President Trump’s remarks on nation-building in Afghanistan are some of the most nuanced and complicated, and yet may be the most important to predicting future stability in the region. His statement that the US will “no longer use American military might to construct democracies in faraway lands, or try to rebuild other countries in our own image”7 speaks to two common concerns about US presence in the Middle East. The first is the issue of cultural sensitivity. President Trump goes on to say that “We are not asking others to change their way of life,”7, in other words, assuming a level of western superiority and trying to rebuild Afghanistan according to a standard of civilization that fails to account for equally valid cultural differences. Such concerns are valid and important to informing an equitable and effective strategy in the area. The US must strike a balance between defending universally recognized rights and values while allowing for differences. The second concern is costly involvement with no benefit to the US. International aid can easily be interpreted as using taxpayer money for charitable hand-outs to other countries. President Trump’s references to “shared interests” and “principled realism” indicate that he is thinking in those terms7. The question then becomes what, if any, aid is essential to securing these “shared interests,” which presumably include a stable and widely legitimate Afghan government and an end to insurgent violence. Evidence indicates that at least some level of practices that would fall under “nation-building” is necessary to those interests. A good example is the ANDSF. Department of Defense reports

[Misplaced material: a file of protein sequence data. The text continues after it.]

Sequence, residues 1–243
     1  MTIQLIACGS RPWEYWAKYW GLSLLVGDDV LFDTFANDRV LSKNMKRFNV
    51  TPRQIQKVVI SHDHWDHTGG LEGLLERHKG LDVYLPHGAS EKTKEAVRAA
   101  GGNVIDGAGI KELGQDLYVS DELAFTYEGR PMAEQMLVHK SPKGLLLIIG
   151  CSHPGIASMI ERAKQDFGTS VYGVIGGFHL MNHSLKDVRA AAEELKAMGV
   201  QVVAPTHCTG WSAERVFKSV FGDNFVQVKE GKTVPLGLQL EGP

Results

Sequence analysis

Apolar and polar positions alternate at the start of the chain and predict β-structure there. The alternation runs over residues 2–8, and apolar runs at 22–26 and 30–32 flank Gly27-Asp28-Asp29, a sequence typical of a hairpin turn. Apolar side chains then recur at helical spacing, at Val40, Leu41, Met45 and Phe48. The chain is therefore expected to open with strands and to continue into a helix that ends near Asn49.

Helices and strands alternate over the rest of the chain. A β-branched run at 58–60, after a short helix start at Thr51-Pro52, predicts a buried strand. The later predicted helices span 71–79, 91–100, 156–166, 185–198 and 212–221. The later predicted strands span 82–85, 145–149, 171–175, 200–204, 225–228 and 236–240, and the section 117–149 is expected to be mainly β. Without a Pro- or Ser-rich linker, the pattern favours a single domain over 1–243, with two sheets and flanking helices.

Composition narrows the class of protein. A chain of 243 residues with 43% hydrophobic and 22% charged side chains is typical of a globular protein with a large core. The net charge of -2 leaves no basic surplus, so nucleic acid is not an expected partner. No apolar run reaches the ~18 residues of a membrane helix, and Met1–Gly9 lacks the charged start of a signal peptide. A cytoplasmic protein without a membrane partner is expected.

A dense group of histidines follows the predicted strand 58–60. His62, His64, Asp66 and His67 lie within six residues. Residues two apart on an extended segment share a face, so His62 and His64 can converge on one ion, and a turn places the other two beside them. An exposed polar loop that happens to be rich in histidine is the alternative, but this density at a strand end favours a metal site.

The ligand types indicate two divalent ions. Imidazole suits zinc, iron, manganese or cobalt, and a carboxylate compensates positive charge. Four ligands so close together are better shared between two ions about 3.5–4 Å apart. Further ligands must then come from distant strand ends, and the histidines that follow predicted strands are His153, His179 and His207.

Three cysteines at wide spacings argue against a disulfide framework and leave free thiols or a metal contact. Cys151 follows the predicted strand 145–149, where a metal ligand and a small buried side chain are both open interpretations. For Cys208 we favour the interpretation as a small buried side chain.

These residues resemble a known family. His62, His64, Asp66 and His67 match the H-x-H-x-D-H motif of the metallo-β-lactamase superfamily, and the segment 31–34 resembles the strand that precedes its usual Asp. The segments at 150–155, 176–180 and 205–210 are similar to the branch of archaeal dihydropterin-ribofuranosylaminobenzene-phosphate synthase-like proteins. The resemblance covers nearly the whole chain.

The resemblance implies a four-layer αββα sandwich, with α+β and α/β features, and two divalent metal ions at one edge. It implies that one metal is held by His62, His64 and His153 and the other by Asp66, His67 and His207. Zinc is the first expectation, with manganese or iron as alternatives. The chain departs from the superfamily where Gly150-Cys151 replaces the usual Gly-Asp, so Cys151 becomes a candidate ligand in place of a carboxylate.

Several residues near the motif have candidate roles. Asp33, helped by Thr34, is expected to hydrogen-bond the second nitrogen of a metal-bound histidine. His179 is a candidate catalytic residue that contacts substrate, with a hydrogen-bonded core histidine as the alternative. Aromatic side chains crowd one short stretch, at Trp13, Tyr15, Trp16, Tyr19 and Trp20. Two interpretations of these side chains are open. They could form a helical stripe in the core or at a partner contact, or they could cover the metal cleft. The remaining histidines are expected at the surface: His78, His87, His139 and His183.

The question then becomes what, if any, aid is essential to securing these “shared interests,” which presumably include a stable and widely legitimate Afghan government and an end to insurgent violence. Evidence indicates that at least some level of practices that would fall under “nation-building” is necessary to those interests. A good example is the ANDSF. Department of Defense reports express concern regarding widespread illiteracy among the force and how it might inhibit its combat effectiveness. In this case, security would benefit from measures to improve education systems in Afghanistan. On a larger scale, feelings of abandonment could have very real security implications for the US in the future. In the past, the perception throughout the Middle East has been that international powers, the US included, have fought for their own interests there and then left the countries in tatters when their mission was accomplished. Extremists groups have proven adept at capitalizing on these feelings. Therefore, devoting some resources nation-building is essential to creating a lasting peace.
The Trump administration’s articulation of its Afghanistan strategy is still in its early stages. So far, three key change has emerged: conditions approach in determining the appropriate time to withdraw, a doubling down on Pakistan’s activities, and a cessation of nation-building. Given the deterioration of Afghanistan’s security situation after the US began withdrawing troops in 2014, changes of some kind are clearly needed, but whether the new strategy will be able to implement the right kind of changes and succeed in bringing peace to the region remains to be seen.